Solar Powered Sea Slug - Uniting Animal and Plant Kingdom
One unique and remarkable creature is living among us and shocks the world of biology. This creature unites two worlds: animal and plant kingdom. This creature is a type of green sea slug which body is half-animal and half-plant. It is the only moving creature on earth which is known capable of producing green pigment (chlorophyll) which has commonly been a major part in green plants.
Presumably this unique sea slug has "stolen" some genes from algae plant, part of its main meals. With the ability to produce chlorophyll, this unique sea slug can process photosynthesis (a process of converting sunlight into energy) in the body, previously known only done by green leafy plants. It is also a hermaphrodite which produces both eggs and sperms at the same time, but do not self fertilize.
"These beings can produce energy containing specific molecules without the need to eat anything," said Sidney Pierce, a biologist from the University of South Florida. Pierce has conducted studies for over 20 years about this unique creature which has its scientific Latin name Elysia Chlorotica. They have also other names such as: “solar-powered sea slugs”, “leaves that crawl”, “walking leaf” and “eastern emerald elysia”. "This is the first time we found that multicellular animals can produce chlorophyll." he said.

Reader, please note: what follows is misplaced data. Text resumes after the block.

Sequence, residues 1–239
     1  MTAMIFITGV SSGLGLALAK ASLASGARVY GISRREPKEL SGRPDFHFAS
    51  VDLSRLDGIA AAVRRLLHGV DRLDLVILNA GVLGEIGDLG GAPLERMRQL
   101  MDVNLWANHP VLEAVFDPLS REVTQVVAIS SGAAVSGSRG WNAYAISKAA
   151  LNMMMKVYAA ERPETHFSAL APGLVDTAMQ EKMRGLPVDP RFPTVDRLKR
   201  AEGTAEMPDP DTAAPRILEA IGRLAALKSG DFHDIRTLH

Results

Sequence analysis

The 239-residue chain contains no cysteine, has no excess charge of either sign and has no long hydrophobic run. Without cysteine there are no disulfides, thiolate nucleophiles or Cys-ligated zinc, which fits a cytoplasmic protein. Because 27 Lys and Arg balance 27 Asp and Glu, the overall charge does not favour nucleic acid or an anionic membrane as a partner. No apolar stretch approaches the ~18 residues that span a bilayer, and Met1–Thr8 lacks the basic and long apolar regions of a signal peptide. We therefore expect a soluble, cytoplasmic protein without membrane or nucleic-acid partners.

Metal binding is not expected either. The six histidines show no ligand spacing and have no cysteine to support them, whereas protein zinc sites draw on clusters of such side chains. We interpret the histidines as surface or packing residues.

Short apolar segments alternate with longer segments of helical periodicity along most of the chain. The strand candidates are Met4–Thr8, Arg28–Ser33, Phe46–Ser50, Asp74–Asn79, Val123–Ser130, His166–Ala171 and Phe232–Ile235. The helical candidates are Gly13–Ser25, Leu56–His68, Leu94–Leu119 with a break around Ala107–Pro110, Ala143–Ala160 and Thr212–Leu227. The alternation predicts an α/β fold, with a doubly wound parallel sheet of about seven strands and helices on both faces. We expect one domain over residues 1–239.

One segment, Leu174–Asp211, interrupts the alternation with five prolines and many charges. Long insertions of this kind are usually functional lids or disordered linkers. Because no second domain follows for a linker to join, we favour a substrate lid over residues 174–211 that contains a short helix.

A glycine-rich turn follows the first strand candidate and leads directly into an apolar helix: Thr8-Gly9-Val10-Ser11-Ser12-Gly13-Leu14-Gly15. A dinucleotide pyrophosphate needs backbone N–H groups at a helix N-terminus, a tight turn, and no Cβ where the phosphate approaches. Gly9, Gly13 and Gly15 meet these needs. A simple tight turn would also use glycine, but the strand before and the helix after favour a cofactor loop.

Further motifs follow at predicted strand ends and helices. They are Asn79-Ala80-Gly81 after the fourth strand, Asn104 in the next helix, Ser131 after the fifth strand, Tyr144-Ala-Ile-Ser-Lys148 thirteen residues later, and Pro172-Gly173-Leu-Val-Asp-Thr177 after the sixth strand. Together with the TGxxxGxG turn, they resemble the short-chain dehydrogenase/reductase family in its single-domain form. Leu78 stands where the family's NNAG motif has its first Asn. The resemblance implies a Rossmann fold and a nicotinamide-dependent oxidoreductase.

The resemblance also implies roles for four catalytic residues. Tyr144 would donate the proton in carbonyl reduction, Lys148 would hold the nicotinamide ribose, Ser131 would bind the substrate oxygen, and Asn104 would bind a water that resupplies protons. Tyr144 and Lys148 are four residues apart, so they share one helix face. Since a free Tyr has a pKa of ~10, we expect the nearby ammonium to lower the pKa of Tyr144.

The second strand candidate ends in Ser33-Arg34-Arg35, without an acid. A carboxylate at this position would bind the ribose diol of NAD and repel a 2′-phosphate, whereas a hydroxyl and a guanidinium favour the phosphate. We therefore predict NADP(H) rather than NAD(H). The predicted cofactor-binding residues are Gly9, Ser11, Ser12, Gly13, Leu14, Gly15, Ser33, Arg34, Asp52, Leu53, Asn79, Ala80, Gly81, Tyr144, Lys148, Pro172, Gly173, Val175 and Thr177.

These solar-powered sea slugs inhabit the salt marsh in New England and Canada. In the case of genes "robbery" needed to make chlorophyll, the slug was taking a small part of cells called chloroplasts, which enable it to carry out photosynthesis. Chloroplasts use chlorophyll to convert sunlight into energy, eliminating the need for food to meet the body's energy needs.
"We collect and place them (sea slugs) in an artificial environment of water for 1 month. Then we shine them for 12 hours a day and it turns out that they can still survive without eating." said Pierce.
But still, the new born sea slugs also carry the same innate characteristic but do not have the ability to produce chlorophyll on its own until they eat quite a lot of algae to "steal" the genes that support the ability of photosynthesis.
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